IDEAS home Printed from
   My bibliography  Save this article

An Increase in Background Risk and Demand for Loss Reduction


  • Larry Y. Tzeng
  • Jen-Hung Wang


This paper extends the research about the impact of an increase in background risk from cases with one decision variable to those with two decision variables. We apply the results of Eeckhoudt and Kimball (1992) to examine the comparative statics of an increase in background risk on demand for loss reduction that depends on market insurance and self-insurance together. We find that individuals with decreasing absolute risk aversion and decreasing absolute prudence demand more loss reduction in the face of an increase in background risk, although they may not demand more market insurance or self-insurance.

Suggested Citation

  • Larry Y. Tzeng & Jen-Hung Wang, 2002. "An Increase in Background Risk and Demand for Loss Reduction," Journal of Insurance Issues, Western Risk and Insurance Association, vol. 25(2), pages 127-141.
  • Handle: RePEc:wri:journl:v:25:y:2002:i:2:p:127-141

    Download full text from publisher

    File URL:
    Download Restriction: no


    Citations are extracted by the CitEc Project, subscribe to its RSS feed for this item.

    Cited by:

    1. Jiang, Chonghui & Ma, Yongkai & An, Yunbi, 2013. "International portfolio selection with exchange rate risk: A behavioural portfolio theory perspective," Journal of Banking & Finance, Elsevier, vol. 37(2), pages 648-659.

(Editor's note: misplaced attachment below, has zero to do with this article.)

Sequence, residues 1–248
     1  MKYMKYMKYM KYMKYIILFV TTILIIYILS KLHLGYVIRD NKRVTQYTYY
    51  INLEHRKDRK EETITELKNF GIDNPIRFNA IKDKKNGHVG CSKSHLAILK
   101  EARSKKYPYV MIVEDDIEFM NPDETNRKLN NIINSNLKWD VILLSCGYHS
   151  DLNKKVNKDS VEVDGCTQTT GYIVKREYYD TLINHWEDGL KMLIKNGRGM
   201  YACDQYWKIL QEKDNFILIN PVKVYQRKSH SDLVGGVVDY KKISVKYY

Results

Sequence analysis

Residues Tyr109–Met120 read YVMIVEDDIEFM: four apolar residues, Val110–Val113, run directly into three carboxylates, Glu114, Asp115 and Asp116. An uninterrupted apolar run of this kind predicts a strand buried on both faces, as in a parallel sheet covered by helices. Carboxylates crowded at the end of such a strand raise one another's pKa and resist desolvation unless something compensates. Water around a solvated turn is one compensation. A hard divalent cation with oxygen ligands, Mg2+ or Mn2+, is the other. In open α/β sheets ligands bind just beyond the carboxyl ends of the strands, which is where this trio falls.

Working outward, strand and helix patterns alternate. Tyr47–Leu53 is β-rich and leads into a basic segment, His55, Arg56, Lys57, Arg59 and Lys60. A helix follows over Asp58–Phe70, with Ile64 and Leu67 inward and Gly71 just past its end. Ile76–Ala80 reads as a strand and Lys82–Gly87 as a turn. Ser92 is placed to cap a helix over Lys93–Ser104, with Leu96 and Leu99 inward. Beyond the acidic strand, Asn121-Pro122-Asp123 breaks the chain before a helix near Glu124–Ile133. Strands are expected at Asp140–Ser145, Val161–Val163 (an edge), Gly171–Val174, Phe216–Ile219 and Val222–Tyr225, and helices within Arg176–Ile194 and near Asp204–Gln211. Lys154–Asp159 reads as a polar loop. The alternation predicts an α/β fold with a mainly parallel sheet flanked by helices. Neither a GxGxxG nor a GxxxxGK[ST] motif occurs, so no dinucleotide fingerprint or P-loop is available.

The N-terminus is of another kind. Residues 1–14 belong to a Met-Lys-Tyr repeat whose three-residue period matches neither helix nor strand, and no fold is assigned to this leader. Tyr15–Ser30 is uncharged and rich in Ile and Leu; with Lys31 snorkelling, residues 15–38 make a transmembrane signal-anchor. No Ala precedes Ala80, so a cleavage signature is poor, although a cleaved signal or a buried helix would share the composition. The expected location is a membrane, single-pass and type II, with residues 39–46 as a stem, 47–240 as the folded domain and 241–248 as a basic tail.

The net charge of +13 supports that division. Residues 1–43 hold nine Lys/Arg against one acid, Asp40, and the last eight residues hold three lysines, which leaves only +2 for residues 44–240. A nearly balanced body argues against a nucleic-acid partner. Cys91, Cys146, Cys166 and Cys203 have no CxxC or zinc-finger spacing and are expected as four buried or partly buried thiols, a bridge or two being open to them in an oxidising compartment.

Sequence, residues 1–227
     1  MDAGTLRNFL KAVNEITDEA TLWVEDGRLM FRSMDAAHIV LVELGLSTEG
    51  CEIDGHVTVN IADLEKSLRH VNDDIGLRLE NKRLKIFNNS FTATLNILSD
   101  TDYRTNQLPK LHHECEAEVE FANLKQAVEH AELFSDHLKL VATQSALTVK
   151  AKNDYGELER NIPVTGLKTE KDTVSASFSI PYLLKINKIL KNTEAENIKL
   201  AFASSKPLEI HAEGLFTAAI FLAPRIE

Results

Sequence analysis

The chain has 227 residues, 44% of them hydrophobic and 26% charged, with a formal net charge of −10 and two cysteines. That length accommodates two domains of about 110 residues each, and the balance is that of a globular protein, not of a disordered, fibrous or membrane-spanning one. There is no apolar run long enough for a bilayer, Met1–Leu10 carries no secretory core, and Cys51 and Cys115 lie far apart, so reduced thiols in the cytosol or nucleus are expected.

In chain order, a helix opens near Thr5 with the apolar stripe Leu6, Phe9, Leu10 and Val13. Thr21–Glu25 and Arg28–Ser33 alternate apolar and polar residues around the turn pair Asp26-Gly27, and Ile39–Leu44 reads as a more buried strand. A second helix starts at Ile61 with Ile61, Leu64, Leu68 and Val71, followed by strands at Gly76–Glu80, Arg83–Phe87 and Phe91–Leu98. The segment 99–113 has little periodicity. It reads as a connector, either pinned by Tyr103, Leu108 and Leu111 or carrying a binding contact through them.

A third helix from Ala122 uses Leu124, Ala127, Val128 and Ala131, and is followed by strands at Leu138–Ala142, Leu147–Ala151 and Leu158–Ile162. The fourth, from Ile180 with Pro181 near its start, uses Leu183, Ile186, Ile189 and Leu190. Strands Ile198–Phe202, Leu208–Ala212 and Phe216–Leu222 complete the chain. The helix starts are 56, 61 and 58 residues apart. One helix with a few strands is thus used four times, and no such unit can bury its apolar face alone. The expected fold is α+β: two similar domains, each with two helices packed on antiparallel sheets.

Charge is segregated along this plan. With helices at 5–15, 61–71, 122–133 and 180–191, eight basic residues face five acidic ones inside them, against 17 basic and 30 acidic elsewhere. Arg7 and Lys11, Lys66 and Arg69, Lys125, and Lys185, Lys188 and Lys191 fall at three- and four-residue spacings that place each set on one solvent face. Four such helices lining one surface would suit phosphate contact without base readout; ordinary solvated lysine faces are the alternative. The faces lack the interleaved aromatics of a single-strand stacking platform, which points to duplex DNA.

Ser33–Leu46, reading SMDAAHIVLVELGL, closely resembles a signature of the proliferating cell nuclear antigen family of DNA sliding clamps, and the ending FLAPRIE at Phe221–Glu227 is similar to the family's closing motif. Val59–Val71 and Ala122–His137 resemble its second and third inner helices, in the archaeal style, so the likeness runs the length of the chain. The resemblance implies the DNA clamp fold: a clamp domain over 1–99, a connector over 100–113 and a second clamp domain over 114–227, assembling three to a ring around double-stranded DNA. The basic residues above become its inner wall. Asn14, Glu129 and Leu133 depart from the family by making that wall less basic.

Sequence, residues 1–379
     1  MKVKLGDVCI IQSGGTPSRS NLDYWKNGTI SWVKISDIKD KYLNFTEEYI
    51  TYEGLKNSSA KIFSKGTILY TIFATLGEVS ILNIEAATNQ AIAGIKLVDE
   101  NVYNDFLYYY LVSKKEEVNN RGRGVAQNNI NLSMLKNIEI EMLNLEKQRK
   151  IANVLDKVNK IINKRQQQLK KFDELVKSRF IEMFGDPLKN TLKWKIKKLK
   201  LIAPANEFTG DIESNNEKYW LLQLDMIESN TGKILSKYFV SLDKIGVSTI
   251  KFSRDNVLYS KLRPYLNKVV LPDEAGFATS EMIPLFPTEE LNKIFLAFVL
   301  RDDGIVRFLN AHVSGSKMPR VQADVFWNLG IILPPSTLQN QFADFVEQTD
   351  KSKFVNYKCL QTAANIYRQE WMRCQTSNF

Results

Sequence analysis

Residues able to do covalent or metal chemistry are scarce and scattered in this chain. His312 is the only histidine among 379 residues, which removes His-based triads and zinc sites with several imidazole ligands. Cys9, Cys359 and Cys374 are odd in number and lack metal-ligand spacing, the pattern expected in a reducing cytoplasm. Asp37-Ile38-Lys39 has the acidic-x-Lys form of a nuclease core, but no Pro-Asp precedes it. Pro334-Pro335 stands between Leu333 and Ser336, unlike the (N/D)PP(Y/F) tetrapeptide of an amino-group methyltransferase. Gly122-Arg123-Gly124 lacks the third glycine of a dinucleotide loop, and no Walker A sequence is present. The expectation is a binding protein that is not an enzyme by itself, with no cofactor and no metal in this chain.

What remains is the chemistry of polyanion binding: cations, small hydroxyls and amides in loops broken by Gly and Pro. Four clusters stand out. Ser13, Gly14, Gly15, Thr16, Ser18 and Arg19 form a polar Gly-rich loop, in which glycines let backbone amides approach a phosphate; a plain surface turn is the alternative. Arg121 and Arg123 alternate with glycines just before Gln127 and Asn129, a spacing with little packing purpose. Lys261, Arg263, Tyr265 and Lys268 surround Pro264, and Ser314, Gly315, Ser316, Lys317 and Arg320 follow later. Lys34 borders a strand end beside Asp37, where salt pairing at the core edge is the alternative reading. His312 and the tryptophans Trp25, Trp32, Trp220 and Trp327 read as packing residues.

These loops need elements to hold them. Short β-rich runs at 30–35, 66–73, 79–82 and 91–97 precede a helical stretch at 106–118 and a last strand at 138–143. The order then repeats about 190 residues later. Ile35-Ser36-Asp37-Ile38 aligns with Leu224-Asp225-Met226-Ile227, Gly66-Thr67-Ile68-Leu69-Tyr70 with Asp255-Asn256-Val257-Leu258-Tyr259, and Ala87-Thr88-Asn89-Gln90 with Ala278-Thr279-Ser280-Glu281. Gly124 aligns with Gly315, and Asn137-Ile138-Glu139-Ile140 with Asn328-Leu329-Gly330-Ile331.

More about this item


    Access and download statistics


    All material on this site has been provided by the respective publishers and authors. You can help correct errors and omissions. When requesting a correction, please mention this item's handle: RePEc:wri:journl:v:25:y:2002:i:2:p:127-141. See general information about how to correct material in RePEc.

    For technical questions regarding this item, or to correct its authors, title, abstract, bibliographic or download information, contact: (James Barrese). General contact details of provider: .

    If you have authored this item and are not yet registered with RePEc, we encourage you to do it here. This allows to link your profile to this item. It also allows you to accept potential citations to this item that we are uncertain about.

    We have no references for this item. You can help adding them by using this form .

    If you know of missing items citing this one, you can help us creating those links by adding the relevant references in the same way as above, for each refering item. If you are a registered author of this item, you may also want to check the "citations" tab in your RePEc Author Service profile, as there may be some citations waiting for confirmation.

    Please note that corrections may take a couple of weeks to filter through the various RePEc services.

    IDEAS is a RePEc service hosted by the Research Division of the Federal Reserve Bank of St. Louis . RePEc uses bibliographic data supplied by the respective publishers.